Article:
That suffocating combination of heat and humidity is probably why I smelled the cat before I saw it. I rounded the corner and spotted its decaying body in weeds by the curb. Its lifeless lips tightened into a grotesque grin, and sun-bleached ribs peeked through putrefying flesh. I held my breath and picked up the pace to move past the odor.

Over the years, I’ve passed dozens of dead animals during my exercise routine, and I always ignored them. But this time – probably to keep my mind off the heat – my thoughts wandered back to the cat.

“What if someone dressed the dead cat in a silk suit and tie?” The question dropped into my mind and, for a moment, the image startled me.

“What if someone draped a gold chain around its neck and splashed expensive cologne on its face?”

I smirked at the ludicrous image. A gallon of cologne couldn’t mask the odor of death, nor could the most expensive clothes hide its appearance. Nothing short of God’s supernatural intervention could breathe the fragrance of life into that corpse.

Then the spiritual parallel swept into my mind.

Scripture repeats the message so often, it’s a wonder anyone misses it. Without Christ, we are all spiritually dead in our sins. That’s the point St. Paul tried to impress on his readers in Ephesus: “You were dead in your transgressions and sins” (Ephesians 2:1). The Greek word the apostle used to emphasize their condition before God made them alive in Christ (v. 4) is nekros. It’s the same word from which English speakers get necrotic.

In other words, before God’s intervention, they were necrotic. And without His intervention through Christ, so are we. It doesn’t matter who we are, or what we have – academic degrees, religious titles or affiliation, hefty bank accounts, political power, or praise from others. Without Christ, we stink (Isaiah 64:6; 2 Corinthians 2:15,16), and God can smell us on the other side of the universe. Nothing short of His supernatural power exercised through His Son gives us life.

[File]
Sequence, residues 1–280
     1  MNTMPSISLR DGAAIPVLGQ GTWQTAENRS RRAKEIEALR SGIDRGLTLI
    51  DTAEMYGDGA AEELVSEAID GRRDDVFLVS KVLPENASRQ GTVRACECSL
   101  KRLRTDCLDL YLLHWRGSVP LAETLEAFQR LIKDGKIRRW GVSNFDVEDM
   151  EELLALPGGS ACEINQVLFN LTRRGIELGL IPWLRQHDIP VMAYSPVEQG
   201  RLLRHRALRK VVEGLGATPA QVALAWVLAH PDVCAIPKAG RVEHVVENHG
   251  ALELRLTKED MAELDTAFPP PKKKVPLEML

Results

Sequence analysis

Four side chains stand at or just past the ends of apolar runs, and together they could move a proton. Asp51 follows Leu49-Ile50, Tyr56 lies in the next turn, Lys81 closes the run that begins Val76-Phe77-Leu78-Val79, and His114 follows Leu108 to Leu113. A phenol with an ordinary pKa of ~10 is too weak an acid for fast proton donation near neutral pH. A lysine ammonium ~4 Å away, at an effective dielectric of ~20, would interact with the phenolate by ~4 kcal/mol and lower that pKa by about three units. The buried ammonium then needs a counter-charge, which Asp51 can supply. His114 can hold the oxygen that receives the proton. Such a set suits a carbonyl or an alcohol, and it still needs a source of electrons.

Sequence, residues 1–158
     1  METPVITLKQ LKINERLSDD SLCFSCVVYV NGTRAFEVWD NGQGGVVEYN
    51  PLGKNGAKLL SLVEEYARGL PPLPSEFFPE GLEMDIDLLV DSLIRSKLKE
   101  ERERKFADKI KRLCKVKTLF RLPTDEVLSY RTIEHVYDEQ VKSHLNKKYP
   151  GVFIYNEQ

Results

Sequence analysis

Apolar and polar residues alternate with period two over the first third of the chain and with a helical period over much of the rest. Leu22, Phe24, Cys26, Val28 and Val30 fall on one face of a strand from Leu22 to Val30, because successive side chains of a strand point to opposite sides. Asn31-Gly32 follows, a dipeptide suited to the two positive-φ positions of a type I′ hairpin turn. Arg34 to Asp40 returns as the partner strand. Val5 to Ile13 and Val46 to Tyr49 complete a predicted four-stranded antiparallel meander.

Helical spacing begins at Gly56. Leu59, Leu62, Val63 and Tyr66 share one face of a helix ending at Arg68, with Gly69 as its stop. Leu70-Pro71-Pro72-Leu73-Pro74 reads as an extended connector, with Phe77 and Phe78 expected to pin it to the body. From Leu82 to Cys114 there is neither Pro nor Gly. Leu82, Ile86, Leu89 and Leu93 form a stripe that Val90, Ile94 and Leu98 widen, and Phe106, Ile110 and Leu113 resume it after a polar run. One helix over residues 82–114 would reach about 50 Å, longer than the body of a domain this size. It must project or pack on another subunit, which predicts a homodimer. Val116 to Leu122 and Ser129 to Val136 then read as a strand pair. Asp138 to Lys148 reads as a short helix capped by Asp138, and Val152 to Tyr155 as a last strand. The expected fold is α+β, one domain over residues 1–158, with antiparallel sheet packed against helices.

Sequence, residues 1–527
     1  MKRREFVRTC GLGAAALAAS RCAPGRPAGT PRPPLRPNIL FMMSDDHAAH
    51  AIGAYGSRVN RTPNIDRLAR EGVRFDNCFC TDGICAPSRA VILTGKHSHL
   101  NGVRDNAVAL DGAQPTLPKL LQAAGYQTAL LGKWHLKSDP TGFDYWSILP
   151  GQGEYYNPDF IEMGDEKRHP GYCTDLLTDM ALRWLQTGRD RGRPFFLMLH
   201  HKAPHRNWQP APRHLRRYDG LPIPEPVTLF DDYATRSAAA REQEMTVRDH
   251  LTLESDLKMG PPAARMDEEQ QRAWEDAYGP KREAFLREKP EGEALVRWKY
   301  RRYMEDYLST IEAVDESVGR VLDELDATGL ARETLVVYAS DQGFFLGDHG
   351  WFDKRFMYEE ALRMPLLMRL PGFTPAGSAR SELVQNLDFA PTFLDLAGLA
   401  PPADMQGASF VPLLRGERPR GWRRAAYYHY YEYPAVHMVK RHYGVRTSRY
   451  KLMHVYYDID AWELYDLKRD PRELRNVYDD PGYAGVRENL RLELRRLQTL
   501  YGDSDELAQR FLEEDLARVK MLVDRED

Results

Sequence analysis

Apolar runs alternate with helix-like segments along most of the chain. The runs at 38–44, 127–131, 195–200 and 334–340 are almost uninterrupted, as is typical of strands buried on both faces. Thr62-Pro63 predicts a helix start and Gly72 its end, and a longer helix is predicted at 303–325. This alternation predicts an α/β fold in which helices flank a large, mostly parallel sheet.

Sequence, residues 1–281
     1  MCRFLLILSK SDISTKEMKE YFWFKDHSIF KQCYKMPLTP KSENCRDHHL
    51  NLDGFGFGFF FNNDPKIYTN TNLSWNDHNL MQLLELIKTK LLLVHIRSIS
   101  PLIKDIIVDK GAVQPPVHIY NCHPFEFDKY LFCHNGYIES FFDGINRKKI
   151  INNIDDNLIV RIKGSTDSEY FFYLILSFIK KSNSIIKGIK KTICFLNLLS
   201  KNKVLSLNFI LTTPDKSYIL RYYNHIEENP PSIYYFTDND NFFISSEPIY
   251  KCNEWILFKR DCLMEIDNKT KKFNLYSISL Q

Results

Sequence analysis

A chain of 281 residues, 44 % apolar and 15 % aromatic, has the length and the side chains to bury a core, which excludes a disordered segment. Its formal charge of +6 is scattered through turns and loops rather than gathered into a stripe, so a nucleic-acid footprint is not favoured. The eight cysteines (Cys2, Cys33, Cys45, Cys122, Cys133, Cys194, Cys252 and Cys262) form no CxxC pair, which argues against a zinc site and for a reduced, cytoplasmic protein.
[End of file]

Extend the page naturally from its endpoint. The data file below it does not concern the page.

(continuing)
The Bible calls it being, “born anew” (John 3:1-7, 1 Peter 1:3). And the Catechism of the Catholic Church proclaims: One becomes a member of this people not by a physical birth, but by being “born anew," a birth "of water and the Spirit," that is, by faith in Christ, and Baptism” (Para 782).

Being compared to a dead animal was not a proud moment for me. But the dead cat image captured my attention and gave me a glimpse of God’s ineffable mercy, because regardless of the depth, breadth, and frequency of our sins, God’s grace can cleanse us. By our faith in Christ – and in no other -- God clothes us in glistening robes at our baptism and, through our ongoing confession and repentance, breathes life into our necrotic corpse (Isaiah 61:10).

No one smells so badly that Jesus’ blood cannot transform the odor of decay into the sweet fragrance of eternal life.

We have Scripture’s promise about it. But we also have Scripture’s warning:

Jesus is not the best way to heaven. He is the only way.

Monday, January 6, 2014